Ohio Governor John Kasich has been attempting to raise taxes on the oil and natural gas industry for some time, specifically on fracking. A two-year budgetary guideline produced by the governor sought an increase of taxes at 6.5% for fracking activity, though there was no such increase for conventional drilling projects. Presently, two major reports are currently being investigated, which includes additional research into the proposed oil and gas severance tax.
Behind the “Frack Tax”
The idea of a frack tax has never been popular, regardless of how often it’s been proposed. There is a lack of justification for the taxes; there is no reason to increase taxes on companies which recover oil through fracking and many are concerned that the taxes will drive companies out of the state. This would be a significant blow for the local economy, both reducing jobs and reducing the amount of money coming into the state. There is also a question of where the “frack tax” money would be spent, something that has not yet been specified: it could either go to the fracking counties or it could be distributed throughout the entire population of the state in the form of an income tax benefit. Either way, it’s not money that is necessary for any other initiative, particularly not any initiatives related to energy.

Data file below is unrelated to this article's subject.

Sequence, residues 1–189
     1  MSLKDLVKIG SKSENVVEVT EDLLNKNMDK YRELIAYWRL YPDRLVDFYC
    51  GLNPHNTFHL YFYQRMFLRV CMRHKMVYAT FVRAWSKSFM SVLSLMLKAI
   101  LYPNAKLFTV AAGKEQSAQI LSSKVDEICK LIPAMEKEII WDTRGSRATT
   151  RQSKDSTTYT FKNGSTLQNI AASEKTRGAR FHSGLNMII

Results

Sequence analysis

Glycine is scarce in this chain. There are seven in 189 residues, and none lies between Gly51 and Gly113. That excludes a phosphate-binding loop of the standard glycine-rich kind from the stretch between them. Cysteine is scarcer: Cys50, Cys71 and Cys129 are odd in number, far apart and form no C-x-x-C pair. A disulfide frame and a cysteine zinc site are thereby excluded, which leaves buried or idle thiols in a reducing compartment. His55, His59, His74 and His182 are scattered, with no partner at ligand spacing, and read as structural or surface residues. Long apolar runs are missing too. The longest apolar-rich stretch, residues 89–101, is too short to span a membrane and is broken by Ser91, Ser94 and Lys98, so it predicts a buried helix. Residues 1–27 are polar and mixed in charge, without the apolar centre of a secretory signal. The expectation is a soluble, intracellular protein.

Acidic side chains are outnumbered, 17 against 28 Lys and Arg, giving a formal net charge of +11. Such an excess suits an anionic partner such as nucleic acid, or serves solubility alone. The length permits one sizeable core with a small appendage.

Just Say “No”
The frack tax is likely to be decided upon soon, with a three month inquiry beginning in June. It’s up to residents of Ohio and those involved in the oil and gas industry to say “no” to the frack tax, to ensure the future economic stability of the state and the steady influx of jobs that fracking companies provide. Even those who are not involved in the oil and gas industry will still be affected by the frack tax, in the form of higher local gas and energy prices. These higher prices are very likely to either exceed or at least mitigate any income tax benefits received from the tax. Essentially, the tax just moves the money around with no net benefit, while potentially dissuading oil and gas companies from doing business within the area.
Luckily, the frack tax has been rejected in the past, and for very good reason. But vigilance is required by those who are in the industry because the frack tax is being pushed both so hard and so often. Governor Kasich has been working steadily to initiate a frack tax for a total of three years and will likely continue introducing the matter for some time.
An oil and gas severance tax would harm fracking drillers disproportionately compared to conventional drillers and needlessly adds on additional taxes to an industry that is already heavily regulated and taxed. These taxes will increase the cost of oil recovery, ultimately raising energy costs locally and making it impossible for Ohio-based oil and gas companies to compete in either the national or the global market. Low oil and gas prices have always been linked to a better economic climate; further taxation on oil and gas recovery will only harm the state financially long-term. In short, it’s in everyone’s best interest to say “no” to the oil severance tax.